BRITAIN’S new Green Investment Bank must focus its lending on projects to develop innovative low-carbon manufacturing and energy infrastructures and reducing carbon emissions from existing industries, according to the manufacturers’ organisation, the EEF.
Andy Tuscher, director of the EEF’s northern region, which includes South Yorkshire, said the bank launch by deputy prime minister and Sheffield MP Nick Clegg still left unanswered the question of what the bank’s funding priorities will be.
“Manufacturing can play a major role in the low-carbon economy and in efforts to reduce carbon emissions by improving energy efficiency and developing new low-carbon products,” said Mr Tuscher.
“With a modest amount of funding to start with, the GIB should focus on developing innovative low-carbon manufacturing as well as energy infrastructure and decarbonising existing manufacturing. There is an opportunity for the bank to provide a carrot for such investment in innovation to balance the sticks from other green taxes and regulations.”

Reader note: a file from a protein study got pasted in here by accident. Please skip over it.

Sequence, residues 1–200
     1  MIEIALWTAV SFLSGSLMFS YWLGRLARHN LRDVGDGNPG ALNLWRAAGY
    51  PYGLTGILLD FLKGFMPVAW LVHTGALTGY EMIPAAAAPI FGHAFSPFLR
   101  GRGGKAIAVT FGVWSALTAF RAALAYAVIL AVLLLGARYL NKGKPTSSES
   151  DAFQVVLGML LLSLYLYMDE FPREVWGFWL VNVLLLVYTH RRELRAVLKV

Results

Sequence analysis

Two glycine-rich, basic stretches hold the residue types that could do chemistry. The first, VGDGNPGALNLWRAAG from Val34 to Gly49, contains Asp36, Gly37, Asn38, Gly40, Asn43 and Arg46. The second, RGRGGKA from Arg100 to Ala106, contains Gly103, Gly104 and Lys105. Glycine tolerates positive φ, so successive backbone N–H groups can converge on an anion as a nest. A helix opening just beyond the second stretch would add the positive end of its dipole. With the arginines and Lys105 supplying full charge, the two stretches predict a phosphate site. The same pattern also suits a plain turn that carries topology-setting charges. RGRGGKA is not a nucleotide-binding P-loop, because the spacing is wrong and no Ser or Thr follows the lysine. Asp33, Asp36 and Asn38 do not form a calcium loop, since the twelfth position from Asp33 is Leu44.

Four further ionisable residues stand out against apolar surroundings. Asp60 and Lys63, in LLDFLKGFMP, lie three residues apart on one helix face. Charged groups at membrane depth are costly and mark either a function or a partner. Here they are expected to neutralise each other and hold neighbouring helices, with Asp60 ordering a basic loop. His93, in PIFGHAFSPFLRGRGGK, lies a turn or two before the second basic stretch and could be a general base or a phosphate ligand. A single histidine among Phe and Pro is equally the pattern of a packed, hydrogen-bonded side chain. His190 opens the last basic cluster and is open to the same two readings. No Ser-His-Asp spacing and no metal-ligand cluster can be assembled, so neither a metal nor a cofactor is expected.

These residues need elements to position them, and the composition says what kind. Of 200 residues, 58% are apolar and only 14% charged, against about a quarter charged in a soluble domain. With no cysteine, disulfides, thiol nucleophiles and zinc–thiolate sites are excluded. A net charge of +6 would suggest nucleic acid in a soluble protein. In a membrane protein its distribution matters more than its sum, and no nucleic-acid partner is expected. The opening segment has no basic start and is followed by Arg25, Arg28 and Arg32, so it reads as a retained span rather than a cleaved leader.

Mr Tuscher also questioned the success of the Project Merlin initiative to boost bank lending to small firms.
“The lending figures for Project Merlin do not yet indicate an improvement in credit conditions for small companies – a disappointing, but not surprising outcome given where a range of surveys have been pointing,” said Mr Tuscher.
“While it is early days for the Merlin agreement, we have been sceptical about the degree to which this target-based approach would lead to a significant improvement in credit conditions for SMEs.
“Progress on the key issue of a lack of competition amongst the banks, as well as insufficient transparency in lending decisions and the lack of understanding of banks’ customers must now accelerate.
“For manufacturing, there has been strong start to the recovery and the availability of a broad range of finance products, particularly bank lending, is critical to cementing continued growth in the sector.”